We started out by heading out from Anytown, Illinois to O'Hare airport via buses. Now sounds simple enough doesn't it. A whole gang of soldiers get on a few buses and are driven to the airport. Well if you believe that you obviously know nothing of being in the US Army. We started the day bright and early and got all of our shit together. Now many of us had actually sent one of our bags carrying our less important gear ahead of time. So that those people only had to carry about 200 lbs of shit to the armory and onto the buses. Well I was not one of those fortunate souls who had the foresight to do that (as instructed by our leadership) (one of their few glowing moments).
So as it turned out I had about 300 pounds of military issue shit to drag with me. One ruck sack packed to the point that it looked like it was about to burst at the seams, one assault pack (the Army's name for a regular sized backpack) and one duffel bag completely packed with shit that I would not use for the entirety of my time in Arkansas all packed neatly on top of the one thing that I was going to desperately need after a few days in the Arkansas sun. An extra pair of boots. Now that was my own dumbass fault, things you know you will need go on top genius.
Now on to getting all this crap into order so we can get on these buses. First we all had to be weighed. (In order to tell the bus company and the plane company or whoever, just how much useless shit we are going to load onto their respective transportation vehicles) Haha, over a hundred of us, with all of our stuff, on two scales! Sure this went real fast. So at first we got into line in alphabetical order, which is funny in and of itself. I am not saying there are no smart people in the army, there are plenty. But the army is a cross section of society (as long as you leave out the upper 25%, I don't think we have any of those) and with that cross section comes a hearty helping of our more retarded citizens. The kind of people I had to quietly sit and wonder why natural selection had not weeded them out yet, and and even scarier question, "These people are going to receive lethal firearms?" Anyways, watching them as they read the names of the guy or gal in front or behind them and quietly mouth the alphabet to themselves trying to determine if their name starts with an earlier or later letter than their name. It was especially amusing when they got to the people whose names began with the same letter as theirs and they had to go to the second letter to figure it out. I have to admit that I almost fell over laughing when two guys whose name began with the same three letters came together, that exchange was priceless.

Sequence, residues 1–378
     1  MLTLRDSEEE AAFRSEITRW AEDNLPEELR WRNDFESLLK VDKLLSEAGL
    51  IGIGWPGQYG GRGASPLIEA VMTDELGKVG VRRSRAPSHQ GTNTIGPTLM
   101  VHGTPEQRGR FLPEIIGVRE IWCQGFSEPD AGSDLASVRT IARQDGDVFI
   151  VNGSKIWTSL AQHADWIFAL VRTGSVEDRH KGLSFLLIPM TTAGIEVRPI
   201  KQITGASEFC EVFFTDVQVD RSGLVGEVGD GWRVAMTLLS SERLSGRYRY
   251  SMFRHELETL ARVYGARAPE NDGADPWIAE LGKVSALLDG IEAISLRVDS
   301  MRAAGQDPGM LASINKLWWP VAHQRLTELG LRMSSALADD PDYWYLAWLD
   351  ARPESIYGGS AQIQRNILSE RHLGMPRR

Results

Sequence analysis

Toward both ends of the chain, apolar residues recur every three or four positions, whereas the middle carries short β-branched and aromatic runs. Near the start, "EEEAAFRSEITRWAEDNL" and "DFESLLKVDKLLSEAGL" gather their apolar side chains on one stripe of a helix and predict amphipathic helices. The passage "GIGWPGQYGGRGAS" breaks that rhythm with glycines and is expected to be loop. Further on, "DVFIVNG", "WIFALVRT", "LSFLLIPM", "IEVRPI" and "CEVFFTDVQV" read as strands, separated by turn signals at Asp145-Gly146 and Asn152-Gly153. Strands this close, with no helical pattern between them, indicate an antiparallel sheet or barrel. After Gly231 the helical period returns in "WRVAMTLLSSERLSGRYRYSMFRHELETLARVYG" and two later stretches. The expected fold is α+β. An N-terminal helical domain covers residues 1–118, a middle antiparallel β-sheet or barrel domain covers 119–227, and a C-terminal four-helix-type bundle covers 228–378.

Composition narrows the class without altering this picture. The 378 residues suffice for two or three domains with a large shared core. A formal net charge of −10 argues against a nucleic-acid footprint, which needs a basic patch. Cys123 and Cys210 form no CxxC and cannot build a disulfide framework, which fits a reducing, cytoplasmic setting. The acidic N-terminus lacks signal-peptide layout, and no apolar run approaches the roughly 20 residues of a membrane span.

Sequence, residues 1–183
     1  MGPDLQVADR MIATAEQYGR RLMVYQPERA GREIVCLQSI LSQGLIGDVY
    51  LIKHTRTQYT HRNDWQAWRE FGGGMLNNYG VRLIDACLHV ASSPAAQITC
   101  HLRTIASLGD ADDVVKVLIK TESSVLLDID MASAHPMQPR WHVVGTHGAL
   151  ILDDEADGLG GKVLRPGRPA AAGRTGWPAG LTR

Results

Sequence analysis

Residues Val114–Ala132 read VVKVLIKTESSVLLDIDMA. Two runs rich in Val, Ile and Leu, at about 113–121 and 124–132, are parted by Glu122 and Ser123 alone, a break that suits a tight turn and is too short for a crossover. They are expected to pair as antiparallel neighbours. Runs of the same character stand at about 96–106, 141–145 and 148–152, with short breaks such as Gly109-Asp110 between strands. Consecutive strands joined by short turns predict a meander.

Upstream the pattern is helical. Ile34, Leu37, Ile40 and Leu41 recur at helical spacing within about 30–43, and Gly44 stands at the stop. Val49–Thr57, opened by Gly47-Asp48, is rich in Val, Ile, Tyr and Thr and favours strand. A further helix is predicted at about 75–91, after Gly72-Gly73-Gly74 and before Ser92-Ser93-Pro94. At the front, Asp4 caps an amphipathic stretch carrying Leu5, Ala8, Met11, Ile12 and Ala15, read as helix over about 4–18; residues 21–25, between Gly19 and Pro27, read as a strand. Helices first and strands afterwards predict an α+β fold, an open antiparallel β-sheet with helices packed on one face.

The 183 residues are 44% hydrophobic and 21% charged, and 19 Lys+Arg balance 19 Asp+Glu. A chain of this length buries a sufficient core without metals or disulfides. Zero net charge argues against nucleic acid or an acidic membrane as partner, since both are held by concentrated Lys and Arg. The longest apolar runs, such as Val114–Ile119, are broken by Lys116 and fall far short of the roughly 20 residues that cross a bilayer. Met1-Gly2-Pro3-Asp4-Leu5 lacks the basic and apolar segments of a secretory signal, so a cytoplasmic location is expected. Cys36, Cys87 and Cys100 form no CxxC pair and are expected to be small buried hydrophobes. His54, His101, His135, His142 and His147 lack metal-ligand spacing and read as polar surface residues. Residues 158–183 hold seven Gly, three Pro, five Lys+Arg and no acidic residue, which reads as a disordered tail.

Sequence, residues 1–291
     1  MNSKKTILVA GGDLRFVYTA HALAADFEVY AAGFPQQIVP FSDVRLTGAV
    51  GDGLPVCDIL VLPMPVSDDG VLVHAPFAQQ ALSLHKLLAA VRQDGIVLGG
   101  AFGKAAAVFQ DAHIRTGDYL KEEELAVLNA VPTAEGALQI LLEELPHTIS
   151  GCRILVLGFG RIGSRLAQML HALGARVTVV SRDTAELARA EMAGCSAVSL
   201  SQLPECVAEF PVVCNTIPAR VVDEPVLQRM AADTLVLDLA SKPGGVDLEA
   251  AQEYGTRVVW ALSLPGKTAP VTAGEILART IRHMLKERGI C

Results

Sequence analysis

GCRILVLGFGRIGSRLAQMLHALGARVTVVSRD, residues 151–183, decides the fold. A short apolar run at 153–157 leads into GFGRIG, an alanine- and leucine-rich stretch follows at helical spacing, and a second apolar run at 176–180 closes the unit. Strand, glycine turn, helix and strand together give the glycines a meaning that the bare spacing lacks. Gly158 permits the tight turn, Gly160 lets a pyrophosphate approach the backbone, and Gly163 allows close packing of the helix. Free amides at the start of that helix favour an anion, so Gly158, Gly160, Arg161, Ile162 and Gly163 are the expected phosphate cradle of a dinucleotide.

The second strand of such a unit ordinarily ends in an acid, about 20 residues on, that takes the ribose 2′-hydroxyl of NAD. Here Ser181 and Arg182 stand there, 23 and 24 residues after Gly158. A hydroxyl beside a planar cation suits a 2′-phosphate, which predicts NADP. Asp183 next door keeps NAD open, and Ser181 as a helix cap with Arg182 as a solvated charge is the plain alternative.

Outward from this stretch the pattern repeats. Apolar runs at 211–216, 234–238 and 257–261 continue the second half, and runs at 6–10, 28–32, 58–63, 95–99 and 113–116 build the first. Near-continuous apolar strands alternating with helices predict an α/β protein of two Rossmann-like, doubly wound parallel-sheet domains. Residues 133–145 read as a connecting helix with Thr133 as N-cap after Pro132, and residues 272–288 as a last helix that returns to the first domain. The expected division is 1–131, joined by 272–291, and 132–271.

I, always looking for the easiest, least strenuous way of doing things, noticed that this long, snaking line moved right in front of me. Now the piece of the line containing my name was on the other side of the armory. However, with what I would soon find out was 300 pounds of shit I was in no mood to carry this stuff all over the place just to stand in a line that every minute or so would move roughly 3 feet forward and then stop. No thank you, so I planted my ass right on top of one of the bags and watched intently as the line moved pass me waiting ever so patiently for the S's to come by.
This is where I first came into contact with what I like to refer to as the "Regulation Robots" (maybe I'll think of a more clever name later) These are the guys who cannot move without being told to do so, they completely lack the ability to think for themselves and alter their way of doing things to make their life easier. If the sky began to fall, they would be pissed off because the asteroids weren't dress right dress. So this Sergeant comes up to me and the following exchange took place.